If a company does as FAO did and files for Chapter 11, it keeps operating while it works out a reorganization plan. Assuming the bankruptcy court approves it, the company gets protection from its creditors while it works on its plan -- and, with luck, returns to profitability. In this case a stockholder is playing the long odds that the company emerges from bankruptcy and will become a market-beating investment within a reasonable amount of time. This is asking an awful lot.

FAO isn't trying to mislead anyone. According to yesterday's press release, the company attempted but failed to sell part or all of the business, and thus it doesn't expect "any recovery would be available to its common stockholders." In short, it looks bad.

Fool Bill Mann probably put it best in a January 2002 article: However little you may be investing in a bankrupt company, and however "tempered" your expectations might be, "Putting some money in these companies is a bad idea, a monumentally bad idea. You are going to lose it all, so don't."

Revisit our Q&A on "When Good Stocks Go Bankrupt" for more information on what it means when a company "goes chapter."

Shameless Plug: Stocks 2004

For our Stocks 2004: The Investor's Guide to the Year Ahead, our analysts searched high and low for stocks at significant discounts relative to their true value. And they found some household names and others you've never heard of. If you're interested in fortifying your portfolio in the new year, Stocks 2004 has 11 companies worthy of your investment consideration. Order your copy today!

Take-Two Loses Shrek

Video game developer Take-Two Interactive Software(Nasdaq: TTWO) announced yesterday that it had completed the acquisition of TDK Mediactive. However, removed from the Sept. 3 deal were the video game publishing rights to any future versions of Shrek. That, along with general industrywide pessimism over holiday video game sales, sent Take-Two shares down another 7% to $31.67.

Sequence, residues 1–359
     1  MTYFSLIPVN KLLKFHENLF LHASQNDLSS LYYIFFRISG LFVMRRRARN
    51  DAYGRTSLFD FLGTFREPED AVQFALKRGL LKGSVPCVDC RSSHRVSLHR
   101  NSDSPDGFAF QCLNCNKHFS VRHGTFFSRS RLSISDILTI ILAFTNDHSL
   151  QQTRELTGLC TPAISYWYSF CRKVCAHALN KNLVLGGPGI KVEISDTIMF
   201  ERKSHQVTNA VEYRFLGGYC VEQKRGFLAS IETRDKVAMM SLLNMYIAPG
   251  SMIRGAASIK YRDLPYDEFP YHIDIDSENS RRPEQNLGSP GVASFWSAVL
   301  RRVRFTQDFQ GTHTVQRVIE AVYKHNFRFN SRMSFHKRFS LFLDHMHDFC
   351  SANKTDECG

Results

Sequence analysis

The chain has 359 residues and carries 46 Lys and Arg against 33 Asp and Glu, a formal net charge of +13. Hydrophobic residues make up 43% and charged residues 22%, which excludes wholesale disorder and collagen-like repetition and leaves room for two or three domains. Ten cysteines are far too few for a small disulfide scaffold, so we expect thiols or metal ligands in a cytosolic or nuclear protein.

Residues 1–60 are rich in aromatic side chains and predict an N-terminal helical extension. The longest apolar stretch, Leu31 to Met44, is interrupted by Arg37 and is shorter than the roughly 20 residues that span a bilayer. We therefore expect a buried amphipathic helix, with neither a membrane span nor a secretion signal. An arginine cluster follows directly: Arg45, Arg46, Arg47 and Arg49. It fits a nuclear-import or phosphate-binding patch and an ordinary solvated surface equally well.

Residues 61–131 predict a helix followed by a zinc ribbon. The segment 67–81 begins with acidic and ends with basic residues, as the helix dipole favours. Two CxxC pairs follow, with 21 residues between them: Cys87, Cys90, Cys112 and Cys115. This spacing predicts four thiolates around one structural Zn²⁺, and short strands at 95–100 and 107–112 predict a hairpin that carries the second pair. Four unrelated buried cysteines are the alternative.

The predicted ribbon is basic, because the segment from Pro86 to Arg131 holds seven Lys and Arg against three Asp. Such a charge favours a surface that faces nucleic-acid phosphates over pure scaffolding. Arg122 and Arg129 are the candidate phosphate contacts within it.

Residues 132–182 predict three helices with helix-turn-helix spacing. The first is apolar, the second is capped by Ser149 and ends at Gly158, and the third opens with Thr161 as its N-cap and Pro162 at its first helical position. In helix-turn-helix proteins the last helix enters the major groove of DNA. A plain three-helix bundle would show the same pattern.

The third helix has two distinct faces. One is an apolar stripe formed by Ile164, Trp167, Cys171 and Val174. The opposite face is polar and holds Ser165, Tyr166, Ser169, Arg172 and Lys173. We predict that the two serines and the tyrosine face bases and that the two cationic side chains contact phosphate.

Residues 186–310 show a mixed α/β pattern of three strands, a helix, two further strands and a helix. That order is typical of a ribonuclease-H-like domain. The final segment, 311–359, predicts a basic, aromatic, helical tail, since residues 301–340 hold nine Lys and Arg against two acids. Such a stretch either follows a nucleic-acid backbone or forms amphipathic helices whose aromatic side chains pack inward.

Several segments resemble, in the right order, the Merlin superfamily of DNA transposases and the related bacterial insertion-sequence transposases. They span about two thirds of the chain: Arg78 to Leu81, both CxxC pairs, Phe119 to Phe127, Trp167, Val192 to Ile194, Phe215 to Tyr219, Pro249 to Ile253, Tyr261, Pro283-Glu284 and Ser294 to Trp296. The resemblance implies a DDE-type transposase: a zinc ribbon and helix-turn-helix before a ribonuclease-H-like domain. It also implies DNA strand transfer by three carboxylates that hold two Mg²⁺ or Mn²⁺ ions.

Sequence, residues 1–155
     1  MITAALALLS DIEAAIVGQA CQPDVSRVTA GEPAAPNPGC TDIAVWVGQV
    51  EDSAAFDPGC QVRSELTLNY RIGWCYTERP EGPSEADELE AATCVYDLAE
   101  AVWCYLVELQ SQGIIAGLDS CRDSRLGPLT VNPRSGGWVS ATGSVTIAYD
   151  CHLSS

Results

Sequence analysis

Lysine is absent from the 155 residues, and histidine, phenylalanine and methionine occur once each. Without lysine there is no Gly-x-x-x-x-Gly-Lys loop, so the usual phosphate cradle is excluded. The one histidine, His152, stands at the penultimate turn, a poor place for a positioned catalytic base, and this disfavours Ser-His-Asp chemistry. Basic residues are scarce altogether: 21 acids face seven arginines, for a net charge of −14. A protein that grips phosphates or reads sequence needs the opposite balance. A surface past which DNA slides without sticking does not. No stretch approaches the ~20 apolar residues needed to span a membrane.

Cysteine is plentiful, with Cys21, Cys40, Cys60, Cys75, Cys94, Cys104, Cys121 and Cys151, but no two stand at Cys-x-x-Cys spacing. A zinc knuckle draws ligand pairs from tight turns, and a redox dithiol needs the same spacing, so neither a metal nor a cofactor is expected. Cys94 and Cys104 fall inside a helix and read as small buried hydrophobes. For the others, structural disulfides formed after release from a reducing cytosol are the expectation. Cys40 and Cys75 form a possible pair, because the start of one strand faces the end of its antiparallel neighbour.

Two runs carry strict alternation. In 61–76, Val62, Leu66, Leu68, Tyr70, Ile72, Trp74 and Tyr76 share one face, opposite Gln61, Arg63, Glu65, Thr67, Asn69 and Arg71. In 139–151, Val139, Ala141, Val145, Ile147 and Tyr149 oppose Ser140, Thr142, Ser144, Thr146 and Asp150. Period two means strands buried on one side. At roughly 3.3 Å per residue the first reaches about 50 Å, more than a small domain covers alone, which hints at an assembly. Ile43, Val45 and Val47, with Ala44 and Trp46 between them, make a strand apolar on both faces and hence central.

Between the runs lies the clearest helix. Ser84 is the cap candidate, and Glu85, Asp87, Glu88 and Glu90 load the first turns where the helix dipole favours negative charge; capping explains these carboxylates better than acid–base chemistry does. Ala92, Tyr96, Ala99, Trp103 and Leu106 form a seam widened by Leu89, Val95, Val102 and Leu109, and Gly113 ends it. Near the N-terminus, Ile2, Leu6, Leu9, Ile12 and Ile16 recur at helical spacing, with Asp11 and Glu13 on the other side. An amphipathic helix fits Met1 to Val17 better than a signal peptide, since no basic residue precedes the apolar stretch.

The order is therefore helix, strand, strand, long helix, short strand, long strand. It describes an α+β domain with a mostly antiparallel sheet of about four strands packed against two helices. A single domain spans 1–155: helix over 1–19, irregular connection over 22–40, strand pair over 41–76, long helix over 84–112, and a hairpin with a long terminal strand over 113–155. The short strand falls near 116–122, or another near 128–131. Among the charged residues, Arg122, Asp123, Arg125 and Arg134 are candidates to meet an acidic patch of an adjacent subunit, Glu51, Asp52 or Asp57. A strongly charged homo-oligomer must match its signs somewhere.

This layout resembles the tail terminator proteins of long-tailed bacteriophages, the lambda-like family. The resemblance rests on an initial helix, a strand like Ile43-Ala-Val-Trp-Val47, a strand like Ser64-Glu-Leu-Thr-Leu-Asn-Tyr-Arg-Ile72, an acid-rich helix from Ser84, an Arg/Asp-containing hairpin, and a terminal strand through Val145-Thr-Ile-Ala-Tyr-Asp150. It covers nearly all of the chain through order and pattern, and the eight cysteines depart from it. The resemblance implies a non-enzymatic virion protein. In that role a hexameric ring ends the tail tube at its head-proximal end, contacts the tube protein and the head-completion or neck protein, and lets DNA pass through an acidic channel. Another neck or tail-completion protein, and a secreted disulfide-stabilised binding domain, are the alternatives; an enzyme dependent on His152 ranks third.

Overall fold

Shrek would have been the biggest license in the acquisition, which cost Take-Two approximately $22.5 million overall, including $5.4 million in restricted Take-Two common stock, $9.7 million of which was in liabilities to TDK USA, TDK's former parent company. Offsetting the removal of the Shrek license from the deal was an $8 million reduction in liabilities to TDK Mediactive under terms of the distribution agreement announced in September.

Activision (Nasdaq: ATVI) holds co-publishing rights to the next Shrek game. Including Shrek, TDK Mediactive said it had $42 million in revenue.

Here's the thing. Take-Two is known for the violent, edgy, mature nature of its video games -- including the famed Grand Theft Auto (GTA) series, State of Emergency, and the recently released Manhunt. The latter two hardly have mass appeal, and Manhunt is definitely not for the kids.

What TDK brings is a softer side with a little more mass appeal -- titles based on Disney(NYSE: DIS) licenses such as The Haunted Mansion and Pirates of the Caribbean. The Muppets license is definitely for the kids.

So even without Shrek, Take-Two now has a more well-rounded lineup. And this acquisition is just the latest in a consolidation wave that will likely continue, as the bigger players in the industry -- including Electronic Arts(Nasdaq: ERTS), Activision, and Take-Two -- continue to snap up some of the smaller, financially troubled developers.

Discussion Board of the Day: Reality Television

So did you watchThe Simple Life last night? Watching any other reality shows this season? Whatever became of scripted content programming? All this and more -- in the Reality Television discussion board. Only on Fool.com.

More Fool News

For a list of all our stories from today, see Today's Headlines.

And Finally...

Today on Fool.com, Bill Mann says it's easy to avoid the One Big Investing Mistake... Does Wal-Mart, like, sell wall stuff?... And just in time for the holidays, The Gift of Security.

Bob Bobala, Robert Brokamp, Paul Elliott, Mathew Emmert, Jeff Fischer, Jeff Hwang, Tom Jacobs, LouAnn Lofton, Alyce Lomax, Bill Mann, Selena Maranjian, Dave Marino-Nachison, Rex Moore, Rick Munarriz, Reggie Santiago, Tom Taulli, Dayana Yochim